The gentle Jesus threatens the unwelcoming towns with the fate of Sodom, indeed, with an even more severe fate.  I must not judge, but Christ judges.  The Kingdom of God is at hand.  That message has been sounding for millennia.  An obstinate world order refuses the light of Christ.  I pray in the power of Christ's word;  I pray in the heart of the Father; I surrender to the will of God that Christ may be all in all; I pray with the expectation that the Kingdom will come.  But there will be judgment.  My prayer must send me out into the work of the proclamation in the capacity of my state in life and ability.  As I am consumed in the grace of God's life, I must grieve over the judgment upon those who refuse the gentle Christ as their savior and light.  I know I have been among them and I can easily return to a state of separation except for Christ’s grace that holds me.  “Yes” to that grace is my prayer at its absolute and essential simplicity.

Luke 10.13-16
The rejection of the Gospel is a rejection of the Holy Trinity.  The Father sends the Son; the Son sends the Church in the power of the Holy Spirit.  The one who receives the Church’s preached word, receives the Son and therefore the One who sent him, the Father.  To reject the word is to reject the invitation to share the divine life of the Trinity.  My prayer is Trinitarian in as much as it is an assumption into the life of the Father and Son and Holy Spirit.  The more I can free myself from the world-view of indifference to and rejection of the Gospel, the more I will be drawn into the divine life.    The vocation is simple: enter into the mystery of prayer and do all one can do out of love in the ministry given.  To witness means to live the love of Christ among people.  "He who hears you hears me, and he who rejects you rejects me, and he who rejects me rejects him who sent me."

Luke 10. 17-24
No other Gospel reading so praises the life of contemplative prayer.  We return from active ministry with joy having experienced the power of Christ.  Christ confirms his servants in His prayer; he speaks of the ultimate victory over the power of his enemy.  But the heart of the matter is not even the work of the Kingdom.  What counts is the Kingdom itself.  The absolute is "that our names are written in heaven."  That our names are written in heaven means that we are destined for divine union forever, in perfection, in the eternity of heaven.  Jesus rejoices that there is this deep communion between each of us and him and his Father.  We know one another in the Spirit.  This is the deepest aspect of prayer.  Any time we are drawn into deep prayer and accept that invitation by our faithful, daily practice, then we become the "one to whom the Son chooses to reveal him [the Father]."  Many prophets and kings have desired this vision and presence that come of prayer.  Each time I enter deeply into prayer I enter into this divine drama.  I become intimately united in this communion that is the Church moving toward the Kingdom, knowing and loving with the Father, the Son and the Holy Spirit.  "Rejoice in this"—this is the contemplative state, a deep joy form the immediate Presence.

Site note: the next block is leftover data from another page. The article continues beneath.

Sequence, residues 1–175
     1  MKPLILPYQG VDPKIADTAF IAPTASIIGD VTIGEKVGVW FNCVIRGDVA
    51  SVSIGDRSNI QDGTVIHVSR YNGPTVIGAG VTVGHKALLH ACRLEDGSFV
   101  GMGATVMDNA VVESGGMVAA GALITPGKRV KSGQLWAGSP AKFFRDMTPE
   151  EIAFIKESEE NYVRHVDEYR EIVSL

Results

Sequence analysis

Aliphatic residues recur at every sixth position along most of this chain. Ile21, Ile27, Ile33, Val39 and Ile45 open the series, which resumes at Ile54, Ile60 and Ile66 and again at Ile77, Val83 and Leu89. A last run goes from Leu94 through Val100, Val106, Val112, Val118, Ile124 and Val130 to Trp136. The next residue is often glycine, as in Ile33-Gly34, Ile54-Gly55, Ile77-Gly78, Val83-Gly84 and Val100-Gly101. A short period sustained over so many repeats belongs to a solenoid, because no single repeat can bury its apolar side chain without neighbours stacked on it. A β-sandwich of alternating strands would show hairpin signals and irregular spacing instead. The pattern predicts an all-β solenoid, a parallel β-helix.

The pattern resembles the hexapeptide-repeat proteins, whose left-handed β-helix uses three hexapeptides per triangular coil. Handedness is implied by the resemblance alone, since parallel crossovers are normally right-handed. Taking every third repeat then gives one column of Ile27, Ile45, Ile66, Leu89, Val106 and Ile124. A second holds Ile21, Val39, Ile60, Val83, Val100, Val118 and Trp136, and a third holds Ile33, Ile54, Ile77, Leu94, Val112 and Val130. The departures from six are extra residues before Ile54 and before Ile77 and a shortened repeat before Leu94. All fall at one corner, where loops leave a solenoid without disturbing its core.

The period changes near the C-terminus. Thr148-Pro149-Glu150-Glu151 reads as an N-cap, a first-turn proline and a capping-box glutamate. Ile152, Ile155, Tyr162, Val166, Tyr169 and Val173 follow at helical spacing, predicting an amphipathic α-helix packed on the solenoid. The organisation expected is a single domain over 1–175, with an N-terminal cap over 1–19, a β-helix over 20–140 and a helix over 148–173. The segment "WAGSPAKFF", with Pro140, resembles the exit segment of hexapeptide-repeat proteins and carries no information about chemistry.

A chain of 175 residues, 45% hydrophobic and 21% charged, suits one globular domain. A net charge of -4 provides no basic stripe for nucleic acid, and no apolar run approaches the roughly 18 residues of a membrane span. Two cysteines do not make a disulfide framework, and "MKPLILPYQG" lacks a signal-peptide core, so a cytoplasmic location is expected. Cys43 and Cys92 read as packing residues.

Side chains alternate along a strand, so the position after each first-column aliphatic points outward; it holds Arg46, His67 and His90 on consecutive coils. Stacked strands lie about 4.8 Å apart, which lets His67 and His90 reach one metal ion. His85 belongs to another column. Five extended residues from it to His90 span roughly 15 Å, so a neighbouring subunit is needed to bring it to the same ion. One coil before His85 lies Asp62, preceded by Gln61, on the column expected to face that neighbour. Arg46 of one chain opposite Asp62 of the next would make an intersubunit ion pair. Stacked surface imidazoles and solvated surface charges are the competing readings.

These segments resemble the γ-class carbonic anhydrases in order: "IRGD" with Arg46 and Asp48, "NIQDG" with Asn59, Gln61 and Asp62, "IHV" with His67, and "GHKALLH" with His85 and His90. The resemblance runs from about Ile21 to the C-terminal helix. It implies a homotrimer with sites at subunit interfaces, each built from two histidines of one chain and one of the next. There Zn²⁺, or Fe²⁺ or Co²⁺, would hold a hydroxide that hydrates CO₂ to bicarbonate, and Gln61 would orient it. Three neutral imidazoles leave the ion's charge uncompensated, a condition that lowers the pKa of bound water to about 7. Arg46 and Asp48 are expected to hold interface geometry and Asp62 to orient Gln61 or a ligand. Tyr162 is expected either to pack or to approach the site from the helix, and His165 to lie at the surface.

William Fredrickson, OBLSB, D.Min.






For questions, comments or other communication, please contact:
William Fredrickson